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  1. 2. Richardsons Beach - This was easily accessed from the Freycinet National Park Visitor Centre, and provided some nice views over Great Oyster Bay. A short walk that was perfectly fine for a pram.

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  1. 3. Honeymoon Bay - We found this to be a really nice spot to enjoy a picnic lunch, and had it pretty much to ourselves for the time that we were there. Sonia and I enjoyed climbing up onto a soon to be island rock as the tide was coming in, then rejoined Clancy and Kaden to find more rocks that just begged to be clambered on. The water was calm and really clear as well, allowing us to see all sorts of interesting things amongst the rocks under the water.

  • Cape Tourville Lighthouse:

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The boardwalk/track up to and around the lighthouse was wheelchair accessible, and provided some amazing views looking south along the coastline.

  • Sleepy Bay:

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Another picturesque bay with contrasting red rocks, water, and sky. Nice short walk down some steps to the lookout vantage point. The track continues on to Little Gravelly Beach, but lunch was calling, so no visit from us this time.

  • Wineglass Bay Lookout:

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Well worth the time to climb all the steps to get there. The views are just stunning! After completing the Cape Tourville circuit walk and then clambering over a lot of rocks with Sonia and Kaden at Honeymoon Bay, Clancy really didn't think he'd survive the walk to and from Wineglass Bay Lookout, so opted to stay with the kids at the van and watch the wallabies around the carpark area.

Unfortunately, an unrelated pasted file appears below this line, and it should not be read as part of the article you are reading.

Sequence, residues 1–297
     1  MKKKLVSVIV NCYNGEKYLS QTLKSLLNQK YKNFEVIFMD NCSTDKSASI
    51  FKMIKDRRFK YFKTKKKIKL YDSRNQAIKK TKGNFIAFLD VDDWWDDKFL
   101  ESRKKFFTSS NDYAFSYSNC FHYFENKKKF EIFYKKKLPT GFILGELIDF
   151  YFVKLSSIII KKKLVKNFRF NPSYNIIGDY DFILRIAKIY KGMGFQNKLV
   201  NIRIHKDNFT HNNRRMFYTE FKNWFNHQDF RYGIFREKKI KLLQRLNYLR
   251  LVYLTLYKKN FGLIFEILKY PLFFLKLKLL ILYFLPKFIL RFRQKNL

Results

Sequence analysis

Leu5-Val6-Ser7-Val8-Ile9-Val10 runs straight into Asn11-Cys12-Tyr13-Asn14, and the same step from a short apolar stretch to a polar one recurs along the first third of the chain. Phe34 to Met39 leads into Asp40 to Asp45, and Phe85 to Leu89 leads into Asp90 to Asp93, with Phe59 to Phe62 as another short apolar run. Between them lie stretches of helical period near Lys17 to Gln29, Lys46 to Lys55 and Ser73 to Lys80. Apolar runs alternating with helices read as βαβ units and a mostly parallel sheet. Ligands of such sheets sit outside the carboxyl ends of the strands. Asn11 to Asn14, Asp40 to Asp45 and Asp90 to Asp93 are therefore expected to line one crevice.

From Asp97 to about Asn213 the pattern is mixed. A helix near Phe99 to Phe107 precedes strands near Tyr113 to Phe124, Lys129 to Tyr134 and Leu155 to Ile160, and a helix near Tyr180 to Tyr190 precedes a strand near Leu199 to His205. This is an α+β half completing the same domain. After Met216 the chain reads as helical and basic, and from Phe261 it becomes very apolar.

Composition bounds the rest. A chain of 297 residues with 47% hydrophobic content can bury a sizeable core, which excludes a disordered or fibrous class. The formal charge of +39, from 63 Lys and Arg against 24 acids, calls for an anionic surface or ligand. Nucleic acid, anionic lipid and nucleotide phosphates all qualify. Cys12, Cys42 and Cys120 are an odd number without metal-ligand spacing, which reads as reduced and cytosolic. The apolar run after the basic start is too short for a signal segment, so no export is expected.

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I found that the first third of the track (or there abouts) would've been prammable, before the steps started, and never seemed to stop till getting right up to the lookout. A lot of track work seemed to be occuring while we were there as well, with numerous signs up explaining detours and closures of different tracks. I would've loved to have been able to share the awesome view from the lookout with Clancy, Sonia and Kaden, but ended up returning to find they'd enjoyed themselves just about as much watching the wallabies. The return trip dramatically got shortened for me, as I decided to have some fun and run (well, not really run as such, but more like a child pretending to be a horse!) down the steps! Hadn't really done this since coming down off a mountain with my brother quite a few years ago. Managed to stay on my feet and thoroughly enjoyed it! Reducing the total walk time for me down to about 45 minutes.

Coles Bay to Triabunna

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  • Another really nice, picturesque drive. With views of vineyards, bush, rolling farmland, and never ending coastline.

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An interesting convict bridge off the side of the Tasman Highway near Swansea, with stones set up like spikes on the top of the bridge walls.

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We'd rung ahead, and found that yes, this park was open at this time of year. They were quite happy for us to arrive late, choose a site, utilise the amenities and backpacker kitchen, then see them for payment in the morning. When we asked them in the morning, they highly recommended visiting Maria Island if we were prepared for longer walks and bike rides, as the ferry was free for the short time that we were there. Unfortunately for us, Clancy didn't think he'd be up to that with two young children in tow, so on we continued towards Port Arthur.

Posted by Goannaray 20:10 Archived in Australia Tagged bridges trees view ocean wildlife beach tasmania rocks walk lighthouse lookout blowhole wineglass_bay toddlers bicheno freycinet_national_park 2_toddlers_in_winter_tasmania! eastern_tasmania interstate_overseas Comments (0)

Triabunna to Port Arthur via Richmond

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Triabunna to Richmond